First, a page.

The Joint Chiefs reviewed these proposals in light of their conclusion that anthrax is the foremost biological threat to our troops. They recommended mandatory anthrax vaccination for all 2.4 million active and reserve members of our military, with the first shots going to troops in or scheduled to go to the Middle East and Korea. They reasoned that force protection should not be optional; just as it is inconceivable to allow a soldier to fight without a helmet, it makes little sense to send a soldier into battle without protection against a known threat like anthrax. Because our military must be able to deploy anywhere on short notice, they recommended vaccinations for all active and reserve personnel.

I supported the recommendation of our military leaders. But before launching the vaccination program, I took steps to make sure that we were prepared. Complaints that the Department of Defense mishandled exposure to Agent Orange and the illnesses suffered by some veterans following the Gulf War in 1991 damaged the military's credibility on medical issues. We have worked hard to correct and learn from these experiences, and one of the lessons is that our medical programs to protect soldiers in battle must be planned and implemented with an emphasis on safety.

As a result, I decided to delay vaccinations until four conditions were met. First, I ordered supplemental testing, consistent with FDA standards, to assure that the vaccine supplies are sterile, safe, potent and pure. Second, I instructed the services to design a system that accurately tracks personnel who received the six shots required in the vaccination program. Third, I required the services to develop plans for educating people about the program and administering the immunizations. Finally, I ordered an independent review of the health and medical protocols of the program. This was performed by Dr. Gerald Burrow, the highly respected former dean of the Yale Medical School, who assisted the Presidential Advisory Committee on Gulf War Veterans' Illnesses.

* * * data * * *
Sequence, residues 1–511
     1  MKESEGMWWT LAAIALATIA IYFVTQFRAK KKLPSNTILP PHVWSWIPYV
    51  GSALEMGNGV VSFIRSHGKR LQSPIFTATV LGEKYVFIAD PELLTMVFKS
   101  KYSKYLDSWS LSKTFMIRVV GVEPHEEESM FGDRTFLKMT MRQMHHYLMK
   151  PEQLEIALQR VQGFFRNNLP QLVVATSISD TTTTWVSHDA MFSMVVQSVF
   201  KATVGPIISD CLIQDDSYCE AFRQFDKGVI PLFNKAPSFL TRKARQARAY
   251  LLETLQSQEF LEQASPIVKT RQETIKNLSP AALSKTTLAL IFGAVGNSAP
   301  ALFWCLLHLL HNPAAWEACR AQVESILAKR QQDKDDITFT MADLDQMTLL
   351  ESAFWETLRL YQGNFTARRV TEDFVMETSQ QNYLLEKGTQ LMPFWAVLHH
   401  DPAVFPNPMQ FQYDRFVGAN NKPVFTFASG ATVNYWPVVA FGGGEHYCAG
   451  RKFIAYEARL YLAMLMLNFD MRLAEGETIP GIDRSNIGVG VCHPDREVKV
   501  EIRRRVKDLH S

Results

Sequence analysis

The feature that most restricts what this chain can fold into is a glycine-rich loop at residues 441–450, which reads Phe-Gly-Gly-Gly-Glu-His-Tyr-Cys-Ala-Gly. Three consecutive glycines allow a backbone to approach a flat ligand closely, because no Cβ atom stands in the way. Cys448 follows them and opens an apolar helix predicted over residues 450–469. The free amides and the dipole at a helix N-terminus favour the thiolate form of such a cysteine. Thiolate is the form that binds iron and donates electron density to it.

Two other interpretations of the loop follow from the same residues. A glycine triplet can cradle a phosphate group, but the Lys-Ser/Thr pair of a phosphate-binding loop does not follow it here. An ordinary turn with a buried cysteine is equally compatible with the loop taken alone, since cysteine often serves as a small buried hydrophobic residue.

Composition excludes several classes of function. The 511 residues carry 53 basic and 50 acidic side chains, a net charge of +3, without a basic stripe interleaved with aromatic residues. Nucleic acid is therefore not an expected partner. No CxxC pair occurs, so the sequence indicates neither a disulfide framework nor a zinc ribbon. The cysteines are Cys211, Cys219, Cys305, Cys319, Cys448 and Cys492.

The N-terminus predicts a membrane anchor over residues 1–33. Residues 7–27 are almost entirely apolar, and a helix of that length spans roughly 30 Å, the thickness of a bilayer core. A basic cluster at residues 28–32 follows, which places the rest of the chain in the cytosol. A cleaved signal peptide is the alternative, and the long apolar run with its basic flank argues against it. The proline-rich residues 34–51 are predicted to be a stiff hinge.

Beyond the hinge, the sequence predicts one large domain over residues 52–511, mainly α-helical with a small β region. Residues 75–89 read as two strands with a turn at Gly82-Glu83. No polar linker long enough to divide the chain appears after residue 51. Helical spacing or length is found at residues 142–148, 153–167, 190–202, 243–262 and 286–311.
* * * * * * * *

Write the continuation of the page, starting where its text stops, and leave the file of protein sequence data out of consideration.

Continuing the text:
The vaccinations began in 1998 after these four conditions were met. Gen. Hugh Shelton, the Chairman of the Joint Chiefs, and I were among the first to receive the shots. We experienced the same mild side effects, such as temporary soreness or a small bump on the arm, that many others feel. Indeed, the side effects are frequently less than those caused by other routine vaccinations that most Americans routinely receive. Our careful monitoring of the program reveals no unexpected side effects. Nevertheless, if our troops experience a negative reaction, we provide quality medical care.

More than 400,000 active duty soldiers, sailors, airmen and Marines have started receiving the series of six shots, while only about 300 have refused vaccinations. We take seriously the concerns that people have raised about the program, and we are in the process of distributing additional educational material to explain the program to military members and their families. We have bolstered our website (http://www.anthrax.osd.mil) to counter some of the erroneous assertions about the vaccine that are circulating on the internet. We are continuing to monitor the safety of our vaccine supplies.

The military does not want to lose a single member because of his or her concerns over this program. But most of all, we don't want to run the risk of losing thousands of men and women in uniform from an anthrax attack for which we are unprepared. The threat is real, and we are carrying out a prudent, safe program to counter the dangers our troops face.